Defined benefit pensions enjoyed improving solvency metrics in the first quarter, despite elevated market volatility and tightening financial conditions, according to new data from consulting firm Mercer.
The median solvency ratio for the DB plans in Mercer’s universe rose to 116% in the quarter, up from 113% at the end of 2022.
Other measures of pension funding health also indicated improvement in the first quarter, with 83% of plans estimated to be in a surplus, up from 79% at the start of the quarter.
At the same time, the proportion of plans estimated to have solvency ratios of between 90% and 100% declined to 9% from 12% in the previous quarter. And the share of plans with a solvency ratio of under 80% also dipped from 5% to 4% during the period.
“The first quarter saw improvements in January and February, with January’s improvement primarily driven by asset returns, while February’s improvement was primarily driven by increasing bond yields,” the firm reported. A basic balanced portfolio delivered a 4.6% return for the first quarter, it said.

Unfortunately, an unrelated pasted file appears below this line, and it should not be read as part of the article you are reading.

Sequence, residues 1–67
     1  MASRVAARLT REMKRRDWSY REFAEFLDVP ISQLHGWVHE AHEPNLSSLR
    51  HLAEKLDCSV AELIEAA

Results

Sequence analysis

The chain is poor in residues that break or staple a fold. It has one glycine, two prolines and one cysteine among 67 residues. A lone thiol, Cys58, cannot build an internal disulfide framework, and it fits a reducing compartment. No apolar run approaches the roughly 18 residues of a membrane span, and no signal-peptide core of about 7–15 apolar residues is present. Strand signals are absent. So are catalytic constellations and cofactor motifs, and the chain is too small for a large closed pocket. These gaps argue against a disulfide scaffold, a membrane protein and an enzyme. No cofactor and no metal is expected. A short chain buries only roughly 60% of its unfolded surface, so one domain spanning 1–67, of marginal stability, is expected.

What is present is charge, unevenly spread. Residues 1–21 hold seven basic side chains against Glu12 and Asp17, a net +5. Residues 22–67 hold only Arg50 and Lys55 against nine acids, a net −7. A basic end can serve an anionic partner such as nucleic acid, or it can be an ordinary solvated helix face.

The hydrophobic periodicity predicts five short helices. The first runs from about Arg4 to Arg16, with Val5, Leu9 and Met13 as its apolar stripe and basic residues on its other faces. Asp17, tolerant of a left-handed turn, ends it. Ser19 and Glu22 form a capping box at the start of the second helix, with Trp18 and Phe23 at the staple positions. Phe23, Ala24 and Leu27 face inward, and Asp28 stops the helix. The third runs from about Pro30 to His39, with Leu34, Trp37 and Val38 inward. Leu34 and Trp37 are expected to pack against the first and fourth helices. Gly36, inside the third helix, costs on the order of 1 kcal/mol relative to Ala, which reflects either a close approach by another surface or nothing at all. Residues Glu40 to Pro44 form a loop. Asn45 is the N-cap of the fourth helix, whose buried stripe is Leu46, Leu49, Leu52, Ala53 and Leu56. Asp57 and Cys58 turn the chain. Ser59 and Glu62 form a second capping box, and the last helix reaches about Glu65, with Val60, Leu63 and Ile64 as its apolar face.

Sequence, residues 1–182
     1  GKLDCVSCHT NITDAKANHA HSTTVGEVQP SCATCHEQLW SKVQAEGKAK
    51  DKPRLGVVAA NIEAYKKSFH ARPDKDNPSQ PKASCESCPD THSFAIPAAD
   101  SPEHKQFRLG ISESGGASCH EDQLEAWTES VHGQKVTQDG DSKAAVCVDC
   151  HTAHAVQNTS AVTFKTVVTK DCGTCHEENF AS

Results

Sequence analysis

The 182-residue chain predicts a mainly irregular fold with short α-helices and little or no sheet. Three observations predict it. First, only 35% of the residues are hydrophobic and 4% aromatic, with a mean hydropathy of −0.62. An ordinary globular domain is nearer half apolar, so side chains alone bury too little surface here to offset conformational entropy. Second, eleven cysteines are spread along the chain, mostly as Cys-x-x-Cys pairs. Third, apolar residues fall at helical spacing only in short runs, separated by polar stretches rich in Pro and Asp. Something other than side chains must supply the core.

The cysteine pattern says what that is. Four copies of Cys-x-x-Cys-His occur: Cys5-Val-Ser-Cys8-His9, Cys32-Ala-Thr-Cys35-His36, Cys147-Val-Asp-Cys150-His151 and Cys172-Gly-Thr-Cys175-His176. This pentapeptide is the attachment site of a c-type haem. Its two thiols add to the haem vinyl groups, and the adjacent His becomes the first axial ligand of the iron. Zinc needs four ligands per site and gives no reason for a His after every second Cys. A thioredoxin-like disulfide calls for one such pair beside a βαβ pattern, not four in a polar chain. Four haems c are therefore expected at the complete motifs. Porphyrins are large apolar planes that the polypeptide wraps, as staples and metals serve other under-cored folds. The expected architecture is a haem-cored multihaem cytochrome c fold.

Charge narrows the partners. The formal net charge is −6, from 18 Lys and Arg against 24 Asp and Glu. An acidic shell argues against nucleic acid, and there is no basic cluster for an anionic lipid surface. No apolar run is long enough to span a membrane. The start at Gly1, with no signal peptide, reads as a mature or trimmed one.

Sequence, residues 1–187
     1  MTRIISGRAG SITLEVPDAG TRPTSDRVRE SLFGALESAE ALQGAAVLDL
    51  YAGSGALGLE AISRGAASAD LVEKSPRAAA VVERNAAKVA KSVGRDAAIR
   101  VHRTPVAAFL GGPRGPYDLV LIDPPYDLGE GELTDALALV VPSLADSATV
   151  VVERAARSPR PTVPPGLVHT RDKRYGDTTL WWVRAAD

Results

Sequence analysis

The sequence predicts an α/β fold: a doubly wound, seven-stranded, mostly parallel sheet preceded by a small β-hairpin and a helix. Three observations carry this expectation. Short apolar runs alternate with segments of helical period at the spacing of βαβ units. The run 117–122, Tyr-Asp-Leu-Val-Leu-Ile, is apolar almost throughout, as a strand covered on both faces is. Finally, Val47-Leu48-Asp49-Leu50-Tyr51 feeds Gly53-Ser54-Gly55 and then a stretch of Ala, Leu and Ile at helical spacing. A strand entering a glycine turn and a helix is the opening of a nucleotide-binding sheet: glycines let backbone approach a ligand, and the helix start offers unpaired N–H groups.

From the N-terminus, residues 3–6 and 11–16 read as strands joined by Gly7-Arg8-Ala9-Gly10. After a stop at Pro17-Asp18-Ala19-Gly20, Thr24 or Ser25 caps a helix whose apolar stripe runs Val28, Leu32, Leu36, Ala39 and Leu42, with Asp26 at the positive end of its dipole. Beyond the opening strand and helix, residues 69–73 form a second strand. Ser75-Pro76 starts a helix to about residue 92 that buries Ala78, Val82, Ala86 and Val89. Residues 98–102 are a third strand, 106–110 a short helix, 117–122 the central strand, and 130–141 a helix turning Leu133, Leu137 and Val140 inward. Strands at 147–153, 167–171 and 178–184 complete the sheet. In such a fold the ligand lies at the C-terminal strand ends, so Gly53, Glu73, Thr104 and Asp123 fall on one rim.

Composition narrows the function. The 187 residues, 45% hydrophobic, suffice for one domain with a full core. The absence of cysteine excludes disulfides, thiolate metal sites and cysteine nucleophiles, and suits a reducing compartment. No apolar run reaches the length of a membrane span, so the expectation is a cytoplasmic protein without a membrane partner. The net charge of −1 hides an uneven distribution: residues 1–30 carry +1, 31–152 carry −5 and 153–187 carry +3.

However, the gains in early 2023 were partially reversed in March, the firm noted, as bond yields declined, “which can be attributed to the negative market sentiment caused by bank failures and concerns that these could lead to wider financial market contagion,” Mercer said.
Looking ahead, Mercer said that DB plan sponsors should be prepared to face continued market volatility this year.
“In order to be able to navigate the volatility, appropriate risk management programs need to be in place,” said Ben Ukonga, principal and leader of Mercer’s wealth business, in a release.
“We are entering a stage when traditional lenders will be reviewing their balance sheets and may reduce their lending activity,” said Venelina Arduini, principal at Mercer Canada. “Private market investors should expect increased capital call activity across all asset classes and review their fund sourcing and governance processes to meet such calls.”